Thursday, April 12, 2012
Are we not talking about student loans that were given to students at institutions of higher learning who would now be diploma and degree holders, who certainly would also be earning reasonably good incomes, and as such I do not see why Malaysia (or the government) should excuse these persons from repayment of their student loans? The failure of the BN government was the neglect in pursuing those who defaulted in their loan payments - and this apparently has resulted in a sum of RM24.7 billion owed to the National High Education Fund (PTPTN) by these persons, who certainly will no longer still be non-income earning students.
Their failure in repaying their student loans, where I believe their repayment obligations were also made easier, i.e. by reasonable installment payments. PKR's proposal that this debt be 'written-off', and those that have paid up their loans be rebated is unacceptable.
Remember, that in Malaysia, we have more than 30% of workers who earn below poverty line wages. The country also has a debt of about RM450 billion. And the Malaysian government, has been withdrawing subsidies even on necessary basic essentials which have cost an increase in the cost of living of the poor Malaysians and their families. Hence, that oil and gas revenue can and should be used for so many other things other than benefiting these persons who have abdicated on their obligations to repay their student loans.[ see Malaysia's Debt - RM450 billion, Singapore - Zero; Malaysia's Debt 54% of GCP, Indonesia only 24%, Singapore 0]
Wooing voters is one thing - but this certainly is not the way. I would be interested in also knowing how many of our MPs, ADUNs, Senators, Local Councilors, public servants, etc who have not settled their PTPTN Loans, and if they have not settled and have also failed in their obligations to make their regular installment payments, I would go as far as suggesting that they should even maybe be disqualified from running for public office. A failure to repay student loans, especially to the government and to student unions, is an act against the people of Malaysia, would you not say so...
PKR offers formula to settle PTPTN debt
The RM24.7 billion owed to the National High Education Fund (PTPTN) by students can be financed with just RM2 billion per annum from oil and gas revenues over 15 years, said PKR.
Its strategic director Rafizi Ramli said that RM2 billion was a mere fraction of the government’s oil and gas revenues, which he said stood at RM59.8 billion in 2010, including taxes on foreign oil companies.
Speaking a dialogue session with students in Shah Alam last night, Rafizi said in response to demands for a formula to PKR’s claims that it would write off PTPTN loans to defaulters.
“In other countries, oil and gas revenues would be placed in a separate fund solely meant for investing in the future, such as in research or education,” said the former Petronas senior manager.
He also said that the RM43 billion cost cited by Prime Minister Najib Abdul Razak on Saturday was misleading, because that is only the sum approved, but not the sum disbursed thus far.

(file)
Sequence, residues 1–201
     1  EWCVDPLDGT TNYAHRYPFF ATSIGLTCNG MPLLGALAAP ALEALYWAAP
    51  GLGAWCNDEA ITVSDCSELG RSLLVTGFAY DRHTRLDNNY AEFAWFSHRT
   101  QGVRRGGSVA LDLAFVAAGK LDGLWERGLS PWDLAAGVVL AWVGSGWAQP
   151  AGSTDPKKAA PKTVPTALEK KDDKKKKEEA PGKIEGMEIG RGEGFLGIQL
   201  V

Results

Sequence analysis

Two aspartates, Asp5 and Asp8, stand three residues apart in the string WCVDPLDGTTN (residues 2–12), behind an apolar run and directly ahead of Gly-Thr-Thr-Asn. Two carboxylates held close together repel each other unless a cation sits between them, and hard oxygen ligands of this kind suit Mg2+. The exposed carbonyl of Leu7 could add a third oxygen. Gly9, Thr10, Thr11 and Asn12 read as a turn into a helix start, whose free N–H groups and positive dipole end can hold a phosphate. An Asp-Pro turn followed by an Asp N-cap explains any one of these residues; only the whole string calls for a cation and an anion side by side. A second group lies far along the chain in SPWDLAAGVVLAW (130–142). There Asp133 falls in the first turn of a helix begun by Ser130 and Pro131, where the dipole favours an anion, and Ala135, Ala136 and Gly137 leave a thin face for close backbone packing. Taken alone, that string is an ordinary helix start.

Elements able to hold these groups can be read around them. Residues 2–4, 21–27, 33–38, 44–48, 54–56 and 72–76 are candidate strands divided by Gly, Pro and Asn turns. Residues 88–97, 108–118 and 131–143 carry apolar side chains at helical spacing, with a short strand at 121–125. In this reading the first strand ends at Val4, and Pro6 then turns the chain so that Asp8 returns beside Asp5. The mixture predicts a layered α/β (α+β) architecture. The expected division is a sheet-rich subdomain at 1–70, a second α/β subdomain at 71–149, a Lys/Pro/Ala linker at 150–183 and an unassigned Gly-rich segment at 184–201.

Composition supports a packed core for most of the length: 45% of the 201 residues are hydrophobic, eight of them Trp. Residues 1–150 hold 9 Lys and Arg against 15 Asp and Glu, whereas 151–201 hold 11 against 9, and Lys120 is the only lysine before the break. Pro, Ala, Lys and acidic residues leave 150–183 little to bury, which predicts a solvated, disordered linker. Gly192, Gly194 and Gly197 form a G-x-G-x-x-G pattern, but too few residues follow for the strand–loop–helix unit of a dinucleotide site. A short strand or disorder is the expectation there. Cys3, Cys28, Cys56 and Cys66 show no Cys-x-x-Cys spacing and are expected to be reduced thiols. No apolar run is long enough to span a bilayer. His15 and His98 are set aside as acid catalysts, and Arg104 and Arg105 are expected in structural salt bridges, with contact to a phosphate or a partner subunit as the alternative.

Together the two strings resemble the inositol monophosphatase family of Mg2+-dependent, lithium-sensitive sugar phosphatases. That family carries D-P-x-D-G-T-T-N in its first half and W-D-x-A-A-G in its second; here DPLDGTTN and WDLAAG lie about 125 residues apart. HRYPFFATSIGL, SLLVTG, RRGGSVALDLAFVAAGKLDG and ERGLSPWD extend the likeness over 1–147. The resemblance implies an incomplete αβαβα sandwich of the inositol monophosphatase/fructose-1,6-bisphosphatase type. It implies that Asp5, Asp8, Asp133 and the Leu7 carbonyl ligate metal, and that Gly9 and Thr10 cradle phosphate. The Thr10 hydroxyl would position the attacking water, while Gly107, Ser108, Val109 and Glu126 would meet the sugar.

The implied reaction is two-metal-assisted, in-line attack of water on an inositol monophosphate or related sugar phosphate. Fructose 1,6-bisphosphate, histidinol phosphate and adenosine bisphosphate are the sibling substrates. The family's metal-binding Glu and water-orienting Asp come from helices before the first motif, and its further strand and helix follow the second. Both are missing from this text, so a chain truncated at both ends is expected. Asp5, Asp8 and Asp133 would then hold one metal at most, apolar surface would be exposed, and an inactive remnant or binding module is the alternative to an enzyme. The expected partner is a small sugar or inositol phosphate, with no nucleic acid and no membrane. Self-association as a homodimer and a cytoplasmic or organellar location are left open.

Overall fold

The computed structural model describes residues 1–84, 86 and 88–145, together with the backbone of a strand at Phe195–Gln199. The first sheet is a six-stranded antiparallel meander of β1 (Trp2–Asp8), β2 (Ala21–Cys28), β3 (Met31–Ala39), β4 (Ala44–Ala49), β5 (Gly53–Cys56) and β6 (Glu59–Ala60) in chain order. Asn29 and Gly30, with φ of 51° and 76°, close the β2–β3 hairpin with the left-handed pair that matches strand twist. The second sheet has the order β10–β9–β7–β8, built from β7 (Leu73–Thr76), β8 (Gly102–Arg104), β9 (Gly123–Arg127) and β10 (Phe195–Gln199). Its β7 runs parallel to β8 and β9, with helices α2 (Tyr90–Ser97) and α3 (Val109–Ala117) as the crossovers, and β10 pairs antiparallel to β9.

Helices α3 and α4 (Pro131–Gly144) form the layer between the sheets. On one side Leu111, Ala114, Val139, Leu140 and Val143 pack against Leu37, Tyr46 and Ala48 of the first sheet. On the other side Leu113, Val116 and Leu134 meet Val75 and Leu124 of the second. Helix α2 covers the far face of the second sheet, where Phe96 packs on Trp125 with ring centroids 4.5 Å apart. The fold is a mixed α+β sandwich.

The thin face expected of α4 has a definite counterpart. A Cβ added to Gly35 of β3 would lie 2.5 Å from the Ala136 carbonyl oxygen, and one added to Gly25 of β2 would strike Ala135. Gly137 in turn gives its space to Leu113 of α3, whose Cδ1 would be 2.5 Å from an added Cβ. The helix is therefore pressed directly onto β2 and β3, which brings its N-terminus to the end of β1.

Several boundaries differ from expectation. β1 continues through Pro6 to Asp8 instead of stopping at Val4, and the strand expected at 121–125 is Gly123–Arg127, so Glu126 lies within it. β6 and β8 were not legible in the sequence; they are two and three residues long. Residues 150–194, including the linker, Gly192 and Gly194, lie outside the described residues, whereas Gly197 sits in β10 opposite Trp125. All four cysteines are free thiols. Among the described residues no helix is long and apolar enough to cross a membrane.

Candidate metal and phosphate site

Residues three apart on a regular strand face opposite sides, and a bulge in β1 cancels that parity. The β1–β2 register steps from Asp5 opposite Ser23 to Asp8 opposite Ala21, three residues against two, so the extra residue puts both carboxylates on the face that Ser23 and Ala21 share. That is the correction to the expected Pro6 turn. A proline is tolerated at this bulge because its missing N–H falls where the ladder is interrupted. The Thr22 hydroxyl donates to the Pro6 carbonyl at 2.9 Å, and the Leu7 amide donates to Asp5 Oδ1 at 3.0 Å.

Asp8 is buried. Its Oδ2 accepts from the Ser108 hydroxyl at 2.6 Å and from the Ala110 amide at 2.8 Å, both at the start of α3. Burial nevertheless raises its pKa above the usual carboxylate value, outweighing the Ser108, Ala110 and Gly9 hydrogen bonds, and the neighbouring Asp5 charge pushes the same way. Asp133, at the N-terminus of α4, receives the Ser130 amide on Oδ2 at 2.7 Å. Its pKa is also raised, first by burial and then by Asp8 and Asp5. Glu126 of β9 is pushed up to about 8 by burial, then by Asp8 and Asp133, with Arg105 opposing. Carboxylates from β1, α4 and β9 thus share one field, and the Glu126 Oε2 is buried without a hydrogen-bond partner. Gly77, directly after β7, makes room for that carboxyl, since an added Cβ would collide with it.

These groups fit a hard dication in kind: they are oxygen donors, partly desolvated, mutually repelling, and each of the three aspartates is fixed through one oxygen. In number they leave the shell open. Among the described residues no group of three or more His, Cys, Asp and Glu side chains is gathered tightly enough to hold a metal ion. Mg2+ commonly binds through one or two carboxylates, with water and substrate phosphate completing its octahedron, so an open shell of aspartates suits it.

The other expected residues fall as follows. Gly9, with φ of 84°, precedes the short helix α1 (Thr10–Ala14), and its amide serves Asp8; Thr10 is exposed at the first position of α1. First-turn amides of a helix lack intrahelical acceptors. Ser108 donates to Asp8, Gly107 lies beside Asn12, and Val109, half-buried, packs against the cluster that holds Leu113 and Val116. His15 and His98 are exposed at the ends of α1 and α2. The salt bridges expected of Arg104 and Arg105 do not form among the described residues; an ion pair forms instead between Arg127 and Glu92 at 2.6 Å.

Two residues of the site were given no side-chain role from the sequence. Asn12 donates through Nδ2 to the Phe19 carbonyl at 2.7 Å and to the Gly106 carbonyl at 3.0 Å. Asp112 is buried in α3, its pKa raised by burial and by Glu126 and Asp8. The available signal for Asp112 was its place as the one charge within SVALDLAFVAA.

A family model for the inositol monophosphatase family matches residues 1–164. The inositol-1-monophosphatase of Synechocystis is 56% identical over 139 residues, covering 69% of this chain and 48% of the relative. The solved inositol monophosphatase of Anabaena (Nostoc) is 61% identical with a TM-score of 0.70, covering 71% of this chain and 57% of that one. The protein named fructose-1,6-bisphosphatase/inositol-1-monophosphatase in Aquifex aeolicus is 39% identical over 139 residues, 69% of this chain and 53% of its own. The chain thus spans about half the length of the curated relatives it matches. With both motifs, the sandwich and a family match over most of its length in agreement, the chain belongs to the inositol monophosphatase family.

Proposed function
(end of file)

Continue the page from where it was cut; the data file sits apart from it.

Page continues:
Rafizi pointed out that official PTPTN documents showed that as of March 31, 2010 the fund had only disbursed RM24.9 billion.
“RM43 billion is a lie. The prime minister clearly lied when he said RM43 billion. Perhaps he was lied to, or his spin-doctor misinformed him.
“PTPTN’s information clearly shows that it is only half of that,” he said.
Rebates for those who paid
As a last resort, he said PTPTN loans could be refinanced by issuing bonds.
To be fair to borrowers who are repaying or have repaid their PTPTN loans, Rafizi suggested that a rebate should be offered for the RM2.8 billion collected up to 2011, whether in part or in full.
In order to fund future higher education, he said that the government should reverse the trend of encouraging higher education to be undertaken by the private sector, which he said started in 1996.
He said the government should build ten new public institutions of higher learning over the next ten years, with the goal of accommodating 100,000 students. The cost of tuition and accommodation are to be borne by the government.
“The abdication of the responsibility of the government in providing higher education to the society will have a severe financial, societal, and especially economic impact 20 to 30 years down the line,” he said.
In addition, he said more funds could be made available by cutting wasteful spending, especially in defence expenditure.
Rafizi suggested that there should be a new education fund for students who opt to study in private institutions.
However, he said, there would be few applicants for this fund if students can find vacancies in their courses of choice in public universities that are free and of high quality.
This in turn would force private institutions to consolidate and improve their competitiveness, which he argued would lower the cost of higher education even for those who opt to study there.
When asked by a member of the audience whether his model of funding higher education is sustainable once oil and gas resources have depleted, Rafizi conceded that it would not be possible.
He said the quality of local public institutions of higher learning would need to be improved to the point where it could attract grants and endowment funds, hence become self-sustaining and able to offer its own scholarships.
“Now that we still have about 20 years oil supply, we cannot delay a drastic reform to improve our education.” - Malaysiakini, 11/4/2012, PKR offers formula to settle PTPTN debt